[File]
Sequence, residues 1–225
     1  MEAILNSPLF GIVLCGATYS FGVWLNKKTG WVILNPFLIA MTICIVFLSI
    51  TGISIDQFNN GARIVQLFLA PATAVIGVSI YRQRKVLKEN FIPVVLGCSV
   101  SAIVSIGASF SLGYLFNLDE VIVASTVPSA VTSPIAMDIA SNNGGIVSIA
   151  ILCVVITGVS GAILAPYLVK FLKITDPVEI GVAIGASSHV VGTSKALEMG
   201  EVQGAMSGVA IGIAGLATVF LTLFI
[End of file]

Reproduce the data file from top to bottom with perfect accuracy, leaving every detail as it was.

Sequence, residues 1–225
     1  MEAILNSPLF GIVLCGATYS FGVWLNKKTG WVILNPFLIA MTICIVFLSI
    51  TGISIDQFNN GARIVQLFLA PATAVIGVSI YRQRKVLKEN FIPVVLGCSV
   101  SAIVSIGASF SLGYLFNLDE VIVASTVPSA VTSPIAMDIA SNNGGIVSIA
   151  ILCVVITGVS GAILAPYLVK FLKITDPVEI GVAIGASSHV VGTSKALEMG
   201  EVQGAMSGVA IGIAGLATVF LTLFI